Senate Rejects President Obama’s ‘Buffett Rule’ on Taxes
The Senate rejected the “Buffett Rule,” which would’ve raised the tax rates for millionaires, after Republicans accused President Barack Obama of pitting Americans against each other.
Democrats argued that it was time for the tax code to treat the wealthy and the middle class fairly, but were unable to get enough votes to have the rule clear the Senate. The vote was mostly along party lines.
A day before Americans’ taxes were due at the Internal Revenue Service, the partisan clash previewed themes that will echo throughout this year’s presidential and congressional election campaigns. But while the two parties competed for the stronger message to voters, one thing was sure — Republicans had enough votes to derail the Democratic bill.
As debate began, Senate Majority Leader Harry Reid, D-Nev., said the gap between the wealthiest Americans and everyone else had grown into a gulf.
“They shouldn’t be allowed to hide behind tax loopholes that rig the system in their favor,” Reid said.
But Senate Minority Leader Mitch McConnell, R-Ky., said the legislation would do virtually nothing to fix the economy or stem the federal budget’s massive deficits, and was an attempt by Obama and his fellow Democrats to mask those problems.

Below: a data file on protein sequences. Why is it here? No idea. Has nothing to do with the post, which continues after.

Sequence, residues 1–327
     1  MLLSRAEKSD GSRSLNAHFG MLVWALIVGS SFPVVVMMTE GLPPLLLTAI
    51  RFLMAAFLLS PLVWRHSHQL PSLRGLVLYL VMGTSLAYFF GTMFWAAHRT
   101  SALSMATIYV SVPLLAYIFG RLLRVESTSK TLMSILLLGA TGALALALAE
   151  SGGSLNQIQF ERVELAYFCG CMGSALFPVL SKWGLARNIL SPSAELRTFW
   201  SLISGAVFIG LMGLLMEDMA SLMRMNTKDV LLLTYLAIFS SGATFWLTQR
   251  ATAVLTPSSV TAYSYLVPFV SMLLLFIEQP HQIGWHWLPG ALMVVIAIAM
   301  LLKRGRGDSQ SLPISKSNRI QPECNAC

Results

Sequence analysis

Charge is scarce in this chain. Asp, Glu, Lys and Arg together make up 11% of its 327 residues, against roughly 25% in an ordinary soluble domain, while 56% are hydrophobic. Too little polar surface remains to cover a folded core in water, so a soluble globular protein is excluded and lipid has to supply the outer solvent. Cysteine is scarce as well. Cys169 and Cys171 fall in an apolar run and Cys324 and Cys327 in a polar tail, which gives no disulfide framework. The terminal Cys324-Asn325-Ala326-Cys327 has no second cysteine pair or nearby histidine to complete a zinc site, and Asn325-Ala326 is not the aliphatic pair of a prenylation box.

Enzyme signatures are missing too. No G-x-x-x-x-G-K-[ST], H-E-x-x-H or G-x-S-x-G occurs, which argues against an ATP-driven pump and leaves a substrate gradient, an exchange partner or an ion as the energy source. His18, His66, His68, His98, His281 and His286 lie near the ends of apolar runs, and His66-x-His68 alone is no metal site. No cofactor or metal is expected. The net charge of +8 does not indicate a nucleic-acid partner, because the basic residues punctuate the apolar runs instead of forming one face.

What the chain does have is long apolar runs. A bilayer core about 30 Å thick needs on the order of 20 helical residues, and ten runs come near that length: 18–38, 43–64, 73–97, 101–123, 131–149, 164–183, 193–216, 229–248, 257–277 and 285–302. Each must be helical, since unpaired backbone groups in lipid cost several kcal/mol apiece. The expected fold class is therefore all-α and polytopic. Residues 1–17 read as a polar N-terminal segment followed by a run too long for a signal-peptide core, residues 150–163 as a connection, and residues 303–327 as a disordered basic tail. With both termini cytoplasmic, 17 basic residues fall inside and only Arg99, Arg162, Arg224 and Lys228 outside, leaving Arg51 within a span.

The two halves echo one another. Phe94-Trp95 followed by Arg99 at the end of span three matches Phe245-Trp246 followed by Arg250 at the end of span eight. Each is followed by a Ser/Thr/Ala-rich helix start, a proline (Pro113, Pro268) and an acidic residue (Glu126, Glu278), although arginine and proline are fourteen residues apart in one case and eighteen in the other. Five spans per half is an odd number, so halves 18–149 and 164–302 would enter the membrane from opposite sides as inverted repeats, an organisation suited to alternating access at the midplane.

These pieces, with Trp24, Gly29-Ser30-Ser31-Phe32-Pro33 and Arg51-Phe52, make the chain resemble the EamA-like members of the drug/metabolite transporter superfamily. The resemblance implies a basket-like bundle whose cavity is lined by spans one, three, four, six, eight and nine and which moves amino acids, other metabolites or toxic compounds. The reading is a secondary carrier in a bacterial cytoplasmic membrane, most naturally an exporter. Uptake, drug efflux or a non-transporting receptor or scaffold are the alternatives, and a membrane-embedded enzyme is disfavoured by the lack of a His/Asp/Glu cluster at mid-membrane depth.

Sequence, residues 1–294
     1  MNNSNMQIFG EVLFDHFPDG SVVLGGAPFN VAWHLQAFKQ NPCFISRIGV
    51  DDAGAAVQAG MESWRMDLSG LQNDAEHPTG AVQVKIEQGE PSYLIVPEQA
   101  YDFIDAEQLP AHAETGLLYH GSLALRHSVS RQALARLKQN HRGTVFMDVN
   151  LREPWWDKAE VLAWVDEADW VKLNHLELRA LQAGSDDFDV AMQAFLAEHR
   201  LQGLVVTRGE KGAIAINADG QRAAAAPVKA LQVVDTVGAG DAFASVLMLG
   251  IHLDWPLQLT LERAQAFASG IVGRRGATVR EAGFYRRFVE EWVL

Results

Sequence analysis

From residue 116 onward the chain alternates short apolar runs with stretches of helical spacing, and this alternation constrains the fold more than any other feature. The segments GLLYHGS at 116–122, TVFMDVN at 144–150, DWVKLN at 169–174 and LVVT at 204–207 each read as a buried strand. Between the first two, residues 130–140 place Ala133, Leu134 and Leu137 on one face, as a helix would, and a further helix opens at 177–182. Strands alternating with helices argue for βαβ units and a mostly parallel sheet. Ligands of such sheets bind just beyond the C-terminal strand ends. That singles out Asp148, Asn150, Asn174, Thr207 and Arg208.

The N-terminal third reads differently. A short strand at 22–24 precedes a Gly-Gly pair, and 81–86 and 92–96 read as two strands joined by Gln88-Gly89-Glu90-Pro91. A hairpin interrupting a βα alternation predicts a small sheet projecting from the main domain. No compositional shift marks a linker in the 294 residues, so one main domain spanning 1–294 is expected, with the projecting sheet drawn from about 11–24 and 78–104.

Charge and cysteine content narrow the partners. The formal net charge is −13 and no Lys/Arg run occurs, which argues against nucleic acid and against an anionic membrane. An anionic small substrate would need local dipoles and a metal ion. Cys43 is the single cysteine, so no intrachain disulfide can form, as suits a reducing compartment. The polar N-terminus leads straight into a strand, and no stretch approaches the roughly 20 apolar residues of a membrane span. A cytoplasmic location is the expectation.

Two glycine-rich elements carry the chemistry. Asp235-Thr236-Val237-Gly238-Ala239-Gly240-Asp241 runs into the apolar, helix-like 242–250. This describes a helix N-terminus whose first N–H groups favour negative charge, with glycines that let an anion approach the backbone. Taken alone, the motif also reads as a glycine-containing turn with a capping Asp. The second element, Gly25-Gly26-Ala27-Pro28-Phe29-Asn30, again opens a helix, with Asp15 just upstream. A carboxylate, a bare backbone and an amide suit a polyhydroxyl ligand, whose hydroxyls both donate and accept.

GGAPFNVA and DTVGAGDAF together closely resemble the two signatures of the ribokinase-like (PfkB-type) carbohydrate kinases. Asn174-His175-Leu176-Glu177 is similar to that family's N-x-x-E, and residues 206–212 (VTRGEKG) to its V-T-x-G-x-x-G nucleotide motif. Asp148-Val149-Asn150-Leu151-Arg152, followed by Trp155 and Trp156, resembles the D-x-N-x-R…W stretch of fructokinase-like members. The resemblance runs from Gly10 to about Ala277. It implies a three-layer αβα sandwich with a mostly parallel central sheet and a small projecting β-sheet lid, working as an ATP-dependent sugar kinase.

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“The problem is, we’ve got a president who seems more interested in pitting people against each other than he is in actually doing what it takes to face these challenges head-on and to solve them in a bipartisan manner,” McConnell said.
The “Buffett Rule” bill, sponsored by Sen. Sheldon Whitehouse, D-R.I., would have slapped a minimum 30 percent income tax on people making over $2 million yearly and phased in higher taxes for those earning at least $1 million. The measure was nicknamed for billionaire Warren Buffett, who backed higher taxes on the rich.
Democrats said the Buffett rule vote underscored their commitment to economic fairness and GOP favoritism for the rich, a prominent election theme. Hammering at it let Obama shine a spotlight on presumed GOP presidential nominee Mitt Romney, a former private equity executive who has paid an income tax rate of about 15 percent on annual earnings of $21 million,. The rate is a lower rate than many middle-class families pay.
The Buffett rule was clearly popular. An Associated Press-GfK poll in February showed that nearly 2 in 3 favored a 30 percent tax for those making $1 million annually, including most Democrats and independents and even 4 in 10 Republicans.
Yet the measure would have raised just $47 billion over a decade, a smidgen of the $7 trillion in federal deficits expected during that time.